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Using a dairy farm to power your server farm

New research out of HP Labs suggests building data centers near dairy farms to leverage the energy that can be derived from the manure cows produce every day.

What do 10,000 cows and diesel generators have in common?

Both have the ability to power a 1-megawatt data center. Diesel generators are already used for this purpose at some data center sites, though the energy source is not very environmentally friendly. On the other hand, 10,000 cows grazing a dairy farm produce 20,000 metric tons of manure each year that can be turned into methane gas and eventually electrical power.

That's according to researchers from HP Labs, who are presenting a paper on these findings at the ASME International Conference on Energy Sustainability in Phoenix on Wednesday.

The idea is this: As our demand grows for computing power and data storage, the capacity to power data centers is not keeping up properly. HP's goal is to use sustainable processes to build data centers that are self-sufficient. That is, build data centers whose power sources are from sustainable energy sources and whose heat output can be recycled and reused within that same data center.

HP Labs

As odd as it may sound, that's where the cows come in. The average dairy cow produces 55 kilograms of manure per day, or 20 metric tons per year. An individual cow's manure can generate 3 kilowatt-hours of electrical energy per day. (That alone could power television usage in three U.S. households on a daily basis.)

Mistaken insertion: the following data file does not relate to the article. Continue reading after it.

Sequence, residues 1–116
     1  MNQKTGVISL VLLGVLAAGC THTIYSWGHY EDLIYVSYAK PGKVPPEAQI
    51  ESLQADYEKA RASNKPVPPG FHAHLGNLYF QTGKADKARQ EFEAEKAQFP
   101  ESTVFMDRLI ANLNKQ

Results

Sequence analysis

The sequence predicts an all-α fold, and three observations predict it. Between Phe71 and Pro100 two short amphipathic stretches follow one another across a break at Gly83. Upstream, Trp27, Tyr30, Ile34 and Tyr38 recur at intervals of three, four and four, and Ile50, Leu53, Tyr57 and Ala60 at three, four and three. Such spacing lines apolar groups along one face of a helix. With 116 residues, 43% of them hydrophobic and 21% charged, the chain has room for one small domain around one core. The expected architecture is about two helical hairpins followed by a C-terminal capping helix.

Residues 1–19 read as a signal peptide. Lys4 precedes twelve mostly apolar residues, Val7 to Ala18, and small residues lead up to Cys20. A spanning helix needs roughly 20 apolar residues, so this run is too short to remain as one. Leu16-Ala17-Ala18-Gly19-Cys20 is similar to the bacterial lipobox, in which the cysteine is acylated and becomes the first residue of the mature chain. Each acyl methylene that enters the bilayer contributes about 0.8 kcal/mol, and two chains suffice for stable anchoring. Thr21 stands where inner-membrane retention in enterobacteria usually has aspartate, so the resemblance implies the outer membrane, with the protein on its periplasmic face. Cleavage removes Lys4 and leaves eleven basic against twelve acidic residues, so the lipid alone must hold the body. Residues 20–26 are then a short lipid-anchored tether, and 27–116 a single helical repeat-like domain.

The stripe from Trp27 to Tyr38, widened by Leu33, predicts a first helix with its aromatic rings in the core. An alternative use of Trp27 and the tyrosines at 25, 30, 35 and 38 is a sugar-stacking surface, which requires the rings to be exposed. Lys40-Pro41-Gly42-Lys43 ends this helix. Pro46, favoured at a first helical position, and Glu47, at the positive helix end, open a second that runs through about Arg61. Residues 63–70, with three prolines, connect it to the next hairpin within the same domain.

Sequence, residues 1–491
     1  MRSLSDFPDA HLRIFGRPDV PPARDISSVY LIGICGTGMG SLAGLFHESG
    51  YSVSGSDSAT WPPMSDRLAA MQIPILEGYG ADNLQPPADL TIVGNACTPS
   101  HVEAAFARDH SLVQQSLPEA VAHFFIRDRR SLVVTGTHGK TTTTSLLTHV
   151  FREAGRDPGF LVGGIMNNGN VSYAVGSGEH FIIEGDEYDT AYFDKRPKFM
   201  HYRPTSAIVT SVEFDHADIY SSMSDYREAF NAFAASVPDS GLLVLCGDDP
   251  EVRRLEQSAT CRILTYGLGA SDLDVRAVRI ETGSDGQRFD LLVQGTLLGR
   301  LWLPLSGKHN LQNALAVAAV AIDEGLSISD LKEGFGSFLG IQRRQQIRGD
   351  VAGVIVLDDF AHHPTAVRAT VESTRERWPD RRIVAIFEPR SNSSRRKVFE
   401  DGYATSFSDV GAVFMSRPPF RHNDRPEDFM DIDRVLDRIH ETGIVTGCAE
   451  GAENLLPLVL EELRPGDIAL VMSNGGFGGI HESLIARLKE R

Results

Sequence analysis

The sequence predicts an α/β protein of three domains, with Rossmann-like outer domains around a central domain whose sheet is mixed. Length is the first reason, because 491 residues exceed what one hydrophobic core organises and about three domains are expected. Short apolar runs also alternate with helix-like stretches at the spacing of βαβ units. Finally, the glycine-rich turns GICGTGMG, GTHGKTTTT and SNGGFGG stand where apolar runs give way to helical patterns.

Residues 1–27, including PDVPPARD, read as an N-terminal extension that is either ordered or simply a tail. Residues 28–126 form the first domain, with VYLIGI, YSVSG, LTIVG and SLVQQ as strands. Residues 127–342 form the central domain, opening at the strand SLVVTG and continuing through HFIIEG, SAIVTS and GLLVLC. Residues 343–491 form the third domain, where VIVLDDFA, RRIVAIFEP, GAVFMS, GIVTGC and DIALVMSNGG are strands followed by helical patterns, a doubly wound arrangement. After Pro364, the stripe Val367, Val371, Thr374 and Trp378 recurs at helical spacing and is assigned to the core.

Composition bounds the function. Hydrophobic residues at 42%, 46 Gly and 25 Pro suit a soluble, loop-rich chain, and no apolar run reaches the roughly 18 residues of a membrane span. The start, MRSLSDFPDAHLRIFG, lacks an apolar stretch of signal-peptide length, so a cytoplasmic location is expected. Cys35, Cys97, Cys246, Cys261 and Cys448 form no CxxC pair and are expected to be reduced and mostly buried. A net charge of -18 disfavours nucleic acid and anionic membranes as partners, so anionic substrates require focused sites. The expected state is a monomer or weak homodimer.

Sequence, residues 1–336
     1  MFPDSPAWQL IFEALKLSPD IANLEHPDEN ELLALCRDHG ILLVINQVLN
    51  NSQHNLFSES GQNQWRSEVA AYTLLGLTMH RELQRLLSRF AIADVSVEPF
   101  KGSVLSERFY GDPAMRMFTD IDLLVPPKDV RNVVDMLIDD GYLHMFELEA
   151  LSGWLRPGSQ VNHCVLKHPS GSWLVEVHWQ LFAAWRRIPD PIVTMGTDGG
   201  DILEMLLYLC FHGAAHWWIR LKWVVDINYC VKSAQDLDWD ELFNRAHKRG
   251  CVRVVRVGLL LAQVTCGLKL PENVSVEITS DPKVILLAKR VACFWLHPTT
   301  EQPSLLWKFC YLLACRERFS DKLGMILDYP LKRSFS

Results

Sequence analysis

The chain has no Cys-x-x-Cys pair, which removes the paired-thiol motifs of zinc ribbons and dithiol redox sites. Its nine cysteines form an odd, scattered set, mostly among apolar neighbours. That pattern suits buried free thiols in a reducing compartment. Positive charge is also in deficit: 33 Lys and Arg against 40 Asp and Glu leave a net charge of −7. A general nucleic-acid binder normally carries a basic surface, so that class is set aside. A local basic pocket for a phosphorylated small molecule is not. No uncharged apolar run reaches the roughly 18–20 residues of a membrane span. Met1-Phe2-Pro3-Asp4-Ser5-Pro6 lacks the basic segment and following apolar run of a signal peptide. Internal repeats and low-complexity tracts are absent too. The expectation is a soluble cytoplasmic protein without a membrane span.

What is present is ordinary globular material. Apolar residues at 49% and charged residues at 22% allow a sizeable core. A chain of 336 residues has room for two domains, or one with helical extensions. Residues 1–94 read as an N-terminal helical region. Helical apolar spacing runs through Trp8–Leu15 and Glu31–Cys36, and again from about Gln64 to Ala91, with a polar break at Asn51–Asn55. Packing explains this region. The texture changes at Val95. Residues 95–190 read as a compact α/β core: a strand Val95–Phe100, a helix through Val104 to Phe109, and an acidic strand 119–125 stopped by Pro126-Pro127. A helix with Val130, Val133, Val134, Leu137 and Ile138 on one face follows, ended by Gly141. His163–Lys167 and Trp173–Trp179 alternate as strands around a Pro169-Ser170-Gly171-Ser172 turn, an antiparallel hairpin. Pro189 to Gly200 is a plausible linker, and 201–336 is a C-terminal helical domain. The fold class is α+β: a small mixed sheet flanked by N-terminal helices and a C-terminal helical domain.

And on a farm with 10,000 cows, that amounts to enough energy to power a 1-megawatt data center, according to HP researchers.

"These farms already exist. Some already use the methane and (distribute) it elsewhere for local use," said Chandrakant Patel, one of the HP Labs researchers on the project. "We are suggesting that if you are starting to (look for a place to locate) a data center, now that high-speed networking is starting to extend into other areas, why not look at this opportunity where you cannot only use manure, but capture the energy right at the source?"

The process would work like this: farms already have a manure collection system. The biomass goes into an anaerobic digester, which breaks down the waste like a sewage treatment plant would. At this point in the process, methane gas is released. But in HP's vision, instead of a farm burning off that gas--one of the most dangerous greenhouse gases--the chemical energy in that methane could be converted into electrical energy to power the data center.

To complete the circle, the heat that the data center gives off is then reused as part of the energy needed to break down the biomass.

In India, for example, they are running out of power to keep the data centers that are being built there up and running. "In India they need diesel generators because the power grid can't keep up with the growth," said Patel, and there lies a golden opportunity for a dairy farmer. Patel points out, there could be some money to be made for the enterprising farmer who wants to recycle and use his cows' daily output for this purpose.

The cost to build a 1-megawatt data center is around $5 million. But it could generate around $2 million in revenue per year. So after two or three years, the builder would already make the investment back.